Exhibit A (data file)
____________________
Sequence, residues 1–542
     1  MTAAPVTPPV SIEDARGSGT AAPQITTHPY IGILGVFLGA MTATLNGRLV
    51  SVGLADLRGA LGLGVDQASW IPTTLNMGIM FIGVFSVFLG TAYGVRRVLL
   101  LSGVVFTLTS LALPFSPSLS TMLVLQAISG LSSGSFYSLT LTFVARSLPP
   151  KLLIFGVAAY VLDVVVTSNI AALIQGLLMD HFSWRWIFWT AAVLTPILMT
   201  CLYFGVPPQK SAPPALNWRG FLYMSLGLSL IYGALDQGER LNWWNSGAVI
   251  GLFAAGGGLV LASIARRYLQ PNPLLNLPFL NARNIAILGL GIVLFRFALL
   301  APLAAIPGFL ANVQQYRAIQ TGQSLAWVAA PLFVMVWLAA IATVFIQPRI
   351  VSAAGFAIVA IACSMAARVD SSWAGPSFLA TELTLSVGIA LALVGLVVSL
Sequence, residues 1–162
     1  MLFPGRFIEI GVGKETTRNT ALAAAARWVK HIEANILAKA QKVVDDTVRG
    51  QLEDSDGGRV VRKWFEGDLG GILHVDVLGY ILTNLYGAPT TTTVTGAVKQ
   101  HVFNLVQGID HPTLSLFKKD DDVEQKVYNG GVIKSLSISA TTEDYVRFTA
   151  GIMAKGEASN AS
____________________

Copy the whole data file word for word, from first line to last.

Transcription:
Sequence, residues 1–542
     1  MTAAPVTPPV SIEDARGSGT AAPQITTHPY IGILGVFLGA MTATLNGRLV
    51  SVGLADLRGA LGLGVDQASW IPTTLNMGIM FIGVFSVFLG TAYGVRRVLL
   101  LSGVVFTLTS LALPFSPSLS TMLVLQAISG LSSGSFYSLT LTFVARSLPP
   151  KLLIFGVAAY VLDVVVTSNI AALIQGLLMD HFSWRWIFWT AAVLTPILMT
   201  CLYFGVPPQK SAPPALNWRG FLYMSLGLSL IYGALDQGER LNWWNSGAVI
   251  GLFAAGGGLV LASIARRYLQ PNPLLNLPFL NARNIAILGL GIVLFRFALL
   301  APLAAIPGFL ANVQQYRAIQ TGQSLAWVAA PLFVMVWLAA IATVFIQPRI
   351  VSAAGFAIVA IACSMAARVD SSWAGPSFLA TELTLSVGIA LALVGLVVSL
Sequence, residues 1–162
     1  MLFPGRFIEI GVGKETTRNT ALAAAARWVK HIEANILAKA QKVVDDTVRG
    51  QLEDSDGGRV VRKWFEGDLG GILHVDVLGY ILTNLYGAPT TTTVTGAVKQ
   101  HVFNLVQGID HPTLSLFKKD DDVEQKVYNG GVIKSLSISA TTEDYVRFTA
   151  GIMAKGEASN AS